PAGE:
If the creativity cliff is real, it suggests that giving more incentives to create late in life is unwise. As I argue in The Life and Death of Copyright, the idea that authors need copyright after death to provide for heirs is absurd and unsupported. When I presented the paper, many asked but what if I am old and want to leave something to my children, isn’t copyright an incentive? It may be an incentive, but it is not sound, in part because of the creativity cliff. In general, as Hal Varian has noted, very few works ever generate a steady income stream. That is true regardless of when one creates. Copyrighted works are part of winner-take-all markets and “Such markets end up fostering over-entry into the field because too many people believe they will be the one to sit at the top of the market when only a few or arguably one can do so.” As Emanuel points out, many of us hope to be outliers and “immortals” who have excellent quality of life and tremendous creativity late in life, but by definition that can’t be true. Thus those who say they need copyright as an incentive to write as they see death approaching labor under the illusion that they are the outliers. I laud the effort and probably will write until I die, but that is not a sound basis for policy.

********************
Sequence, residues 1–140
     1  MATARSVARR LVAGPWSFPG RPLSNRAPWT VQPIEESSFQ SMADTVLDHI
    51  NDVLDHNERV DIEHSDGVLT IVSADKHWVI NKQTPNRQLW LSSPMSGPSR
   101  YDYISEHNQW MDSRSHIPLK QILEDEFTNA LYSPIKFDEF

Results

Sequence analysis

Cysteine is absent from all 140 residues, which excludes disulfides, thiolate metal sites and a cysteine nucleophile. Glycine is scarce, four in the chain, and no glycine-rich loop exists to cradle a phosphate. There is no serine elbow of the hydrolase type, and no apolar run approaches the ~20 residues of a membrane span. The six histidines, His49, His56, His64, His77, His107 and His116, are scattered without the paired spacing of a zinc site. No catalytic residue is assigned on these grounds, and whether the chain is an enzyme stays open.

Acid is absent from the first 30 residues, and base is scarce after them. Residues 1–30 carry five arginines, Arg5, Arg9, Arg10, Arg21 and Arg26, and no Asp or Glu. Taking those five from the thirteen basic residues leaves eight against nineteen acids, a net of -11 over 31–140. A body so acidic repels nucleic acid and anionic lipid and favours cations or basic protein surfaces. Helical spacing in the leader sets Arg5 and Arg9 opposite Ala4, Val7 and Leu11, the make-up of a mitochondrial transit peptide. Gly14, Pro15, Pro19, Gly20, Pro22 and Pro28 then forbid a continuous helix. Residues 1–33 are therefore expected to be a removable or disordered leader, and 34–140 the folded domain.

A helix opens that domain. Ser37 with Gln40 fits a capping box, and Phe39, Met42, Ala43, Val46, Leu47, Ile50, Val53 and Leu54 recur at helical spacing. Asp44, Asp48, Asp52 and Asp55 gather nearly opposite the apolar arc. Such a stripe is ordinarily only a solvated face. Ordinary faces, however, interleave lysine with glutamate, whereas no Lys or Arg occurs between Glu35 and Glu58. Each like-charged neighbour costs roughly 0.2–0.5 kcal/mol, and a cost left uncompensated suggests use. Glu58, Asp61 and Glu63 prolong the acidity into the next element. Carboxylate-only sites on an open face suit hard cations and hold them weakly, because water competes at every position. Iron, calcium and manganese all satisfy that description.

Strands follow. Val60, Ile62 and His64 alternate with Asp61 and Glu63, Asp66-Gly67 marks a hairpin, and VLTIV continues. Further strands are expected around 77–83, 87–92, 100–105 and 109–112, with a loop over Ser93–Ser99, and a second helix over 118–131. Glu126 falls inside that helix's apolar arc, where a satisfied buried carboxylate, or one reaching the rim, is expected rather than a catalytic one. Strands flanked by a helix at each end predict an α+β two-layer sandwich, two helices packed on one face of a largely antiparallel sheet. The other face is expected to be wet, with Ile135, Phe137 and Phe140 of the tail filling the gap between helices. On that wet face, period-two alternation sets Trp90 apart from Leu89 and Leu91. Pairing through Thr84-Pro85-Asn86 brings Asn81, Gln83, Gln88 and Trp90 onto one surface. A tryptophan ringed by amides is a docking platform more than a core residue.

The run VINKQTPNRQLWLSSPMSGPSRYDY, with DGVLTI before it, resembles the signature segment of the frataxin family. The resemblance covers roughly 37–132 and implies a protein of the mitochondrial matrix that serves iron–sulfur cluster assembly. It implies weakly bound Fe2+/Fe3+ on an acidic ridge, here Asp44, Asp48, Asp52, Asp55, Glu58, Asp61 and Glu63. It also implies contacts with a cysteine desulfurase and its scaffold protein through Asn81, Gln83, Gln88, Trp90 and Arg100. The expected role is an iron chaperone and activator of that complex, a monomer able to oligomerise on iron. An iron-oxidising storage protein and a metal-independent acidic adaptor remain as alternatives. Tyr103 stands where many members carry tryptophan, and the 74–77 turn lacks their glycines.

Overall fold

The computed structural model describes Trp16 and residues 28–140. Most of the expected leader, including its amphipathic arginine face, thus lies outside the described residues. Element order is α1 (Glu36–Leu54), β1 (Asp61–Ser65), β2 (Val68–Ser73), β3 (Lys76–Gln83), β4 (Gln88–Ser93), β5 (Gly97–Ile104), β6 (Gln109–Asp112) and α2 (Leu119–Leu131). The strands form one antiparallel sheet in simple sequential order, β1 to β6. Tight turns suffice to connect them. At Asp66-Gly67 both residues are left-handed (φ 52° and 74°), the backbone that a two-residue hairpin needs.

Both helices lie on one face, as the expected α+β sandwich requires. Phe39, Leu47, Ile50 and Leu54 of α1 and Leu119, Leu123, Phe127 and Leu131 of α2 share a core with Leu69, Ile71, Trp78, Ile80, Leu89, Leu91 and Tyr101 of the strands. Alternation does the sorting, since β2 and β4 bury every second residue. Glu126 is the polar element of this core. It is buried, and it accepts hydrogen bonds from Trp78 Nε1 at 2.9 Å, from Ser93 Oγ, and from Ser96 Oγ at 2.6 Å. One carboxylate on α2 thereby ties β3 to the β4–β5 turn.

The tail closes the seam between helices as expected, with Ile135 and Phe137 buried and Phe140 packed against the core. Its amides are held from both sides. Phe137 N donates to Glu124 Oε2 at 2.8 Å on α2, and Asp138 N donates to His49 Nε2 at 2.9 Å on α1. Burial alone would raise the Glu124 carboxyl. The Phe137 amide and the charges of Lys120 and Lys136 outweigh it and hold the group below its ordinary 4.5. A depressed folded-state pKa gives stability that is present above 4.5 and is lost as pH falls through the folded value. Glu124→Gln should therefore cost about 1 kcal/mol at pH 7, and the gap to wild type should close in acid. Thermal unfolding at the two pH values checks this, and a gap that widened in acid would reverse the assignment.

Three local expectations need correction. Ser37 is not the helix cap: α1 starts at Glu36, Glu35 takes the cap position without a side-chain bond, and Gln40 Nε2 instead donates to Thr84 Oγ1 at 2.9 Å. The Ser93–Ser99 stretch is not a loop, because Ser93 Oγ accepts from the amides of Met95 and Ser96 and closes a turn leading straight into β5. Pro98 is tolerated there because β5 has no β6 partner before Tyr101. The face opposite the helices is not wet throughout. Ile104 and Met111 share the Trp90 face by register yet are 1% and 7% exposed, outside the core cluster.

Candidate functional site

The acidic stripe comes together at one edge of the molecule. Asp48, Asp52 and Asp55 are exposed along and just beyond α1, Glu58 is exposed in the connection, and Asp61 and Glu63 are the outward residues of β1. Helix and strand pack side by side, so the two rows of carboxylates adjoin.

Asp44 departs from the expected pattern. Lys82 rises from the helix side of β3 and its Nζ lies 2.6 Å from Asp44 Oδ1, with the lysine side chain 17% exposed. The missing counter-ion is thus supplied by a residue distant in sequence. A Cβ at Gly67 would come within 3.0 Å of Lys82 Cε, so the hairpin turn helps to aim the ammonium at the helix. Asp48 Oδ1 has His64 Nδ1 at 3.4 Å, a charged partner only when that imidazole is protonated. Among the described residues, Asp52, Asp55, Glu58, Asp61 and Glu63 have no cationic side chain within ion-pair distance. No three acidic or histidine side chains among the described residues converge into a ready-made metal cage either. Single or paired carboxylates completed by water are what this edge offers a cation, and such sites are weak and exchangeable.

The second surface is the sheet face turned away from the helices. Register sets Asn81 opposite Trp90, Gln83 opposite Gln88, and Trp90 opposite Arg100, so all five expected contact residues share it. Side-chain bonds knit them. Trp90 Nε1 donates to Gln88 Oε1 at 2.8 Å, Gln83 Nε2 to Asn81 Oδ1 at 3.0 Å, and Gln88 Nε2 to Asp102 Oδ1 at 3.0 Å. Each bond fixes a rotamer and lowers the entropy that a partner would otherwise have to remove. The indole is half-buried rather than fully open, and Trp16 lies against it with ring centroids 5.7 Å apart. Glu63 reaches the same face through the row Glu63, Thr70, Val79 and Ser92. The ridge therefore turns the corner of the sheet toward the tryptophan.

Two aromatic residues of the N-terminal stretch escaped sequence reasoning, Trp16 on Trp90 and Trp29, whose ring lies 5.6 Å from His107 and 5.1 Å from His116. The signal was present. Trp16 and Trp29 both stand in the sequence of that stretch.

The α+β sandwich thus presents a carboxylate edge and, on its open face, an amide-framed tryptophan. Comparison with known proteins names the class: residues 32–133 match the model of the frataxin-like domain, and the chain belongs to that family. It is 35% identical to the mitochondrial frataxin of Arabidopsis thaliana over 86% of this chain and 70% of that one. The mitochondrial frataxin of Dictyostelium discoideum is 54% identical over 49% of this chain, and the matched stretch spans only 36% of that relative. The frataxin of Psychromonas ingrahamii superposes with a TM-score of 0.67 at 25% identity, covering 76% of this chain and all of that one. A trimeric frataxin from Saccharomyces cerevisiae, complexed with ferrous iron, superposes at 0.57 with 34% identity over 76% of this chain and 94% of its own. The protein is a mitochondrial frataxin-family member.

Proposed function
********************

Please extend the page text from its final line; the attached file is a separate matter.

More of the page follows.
0

Data, A/B Testing, and Sales